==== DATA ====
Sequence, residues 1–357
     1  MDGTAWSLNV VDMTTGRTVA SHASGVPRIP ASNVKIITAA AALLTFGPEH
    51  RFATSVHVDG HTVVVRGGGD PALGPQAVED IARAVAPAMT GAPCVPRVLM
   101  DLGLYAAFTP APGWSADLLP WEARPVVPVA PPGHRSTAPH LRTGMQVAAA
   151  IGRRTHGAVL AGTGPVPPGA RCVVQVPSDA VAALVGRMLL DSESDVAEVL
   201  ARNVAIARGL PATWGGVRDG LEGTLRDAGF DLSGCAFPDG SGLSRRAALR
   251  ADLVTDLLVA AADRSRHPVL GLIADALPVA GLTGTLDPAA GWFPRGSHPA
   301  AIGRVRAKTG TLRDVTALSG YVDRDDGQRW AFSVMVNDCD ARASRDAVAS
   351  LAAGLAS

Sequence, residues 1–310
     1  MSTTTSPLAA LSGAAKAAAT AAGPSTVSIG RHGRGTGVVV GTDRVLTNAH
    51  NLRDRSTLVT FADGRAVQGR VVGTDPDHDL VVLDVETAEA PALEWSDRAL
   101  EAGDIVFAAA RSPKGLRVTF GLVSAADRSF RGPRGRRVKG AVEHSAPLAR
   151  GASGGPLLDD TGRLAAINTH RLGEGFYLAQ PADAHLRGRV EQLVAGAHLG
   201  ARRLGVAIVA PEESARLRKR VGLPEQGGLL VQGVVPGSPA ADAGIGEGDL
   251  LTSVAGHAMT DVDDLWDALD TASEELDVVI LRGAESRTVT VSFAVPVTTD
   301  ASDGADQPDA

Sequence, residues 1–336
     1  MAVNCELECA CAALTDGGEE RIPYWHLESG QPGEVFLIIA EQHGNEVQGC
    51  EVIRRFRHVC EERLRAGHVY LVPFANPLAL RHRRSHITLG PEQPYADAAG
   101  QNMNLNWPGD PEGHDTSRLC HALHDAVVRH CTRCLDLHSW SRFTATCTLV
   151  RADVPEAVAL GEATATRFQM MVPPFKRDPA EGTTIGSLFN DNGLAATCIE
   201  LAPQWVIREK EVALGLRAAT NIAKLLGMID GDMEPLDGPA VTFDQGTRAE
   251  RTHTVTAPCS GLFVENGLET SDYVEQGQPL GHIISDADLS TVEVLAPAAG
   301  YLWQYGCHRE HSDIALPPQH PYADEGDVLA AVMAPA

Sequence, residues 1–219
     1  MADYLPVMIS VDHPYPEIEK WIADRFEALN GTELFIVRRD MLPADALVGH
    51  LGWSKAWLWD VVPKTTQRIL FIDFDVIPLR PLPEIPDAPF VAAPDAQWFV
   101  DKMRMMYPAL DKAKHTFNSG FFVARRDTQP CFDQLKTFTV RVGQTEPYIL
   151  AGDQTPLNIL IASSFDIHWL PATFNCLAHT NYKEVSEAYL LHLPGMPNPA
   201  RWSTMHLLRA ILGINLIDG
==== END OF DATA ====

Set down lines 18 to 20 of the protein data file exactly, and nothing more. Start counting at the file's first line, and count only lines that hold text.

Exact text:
Sequence, residues 1–336
     1  MAVNCELECA CAALTDGGEE RIPYWHLESG QPGEVFLIIA EQHGNEVQGC
    51  EVIRRFRHVC EERLRAGHVY LVPFANPLAL RHRRSHITLG PEQPYADAAG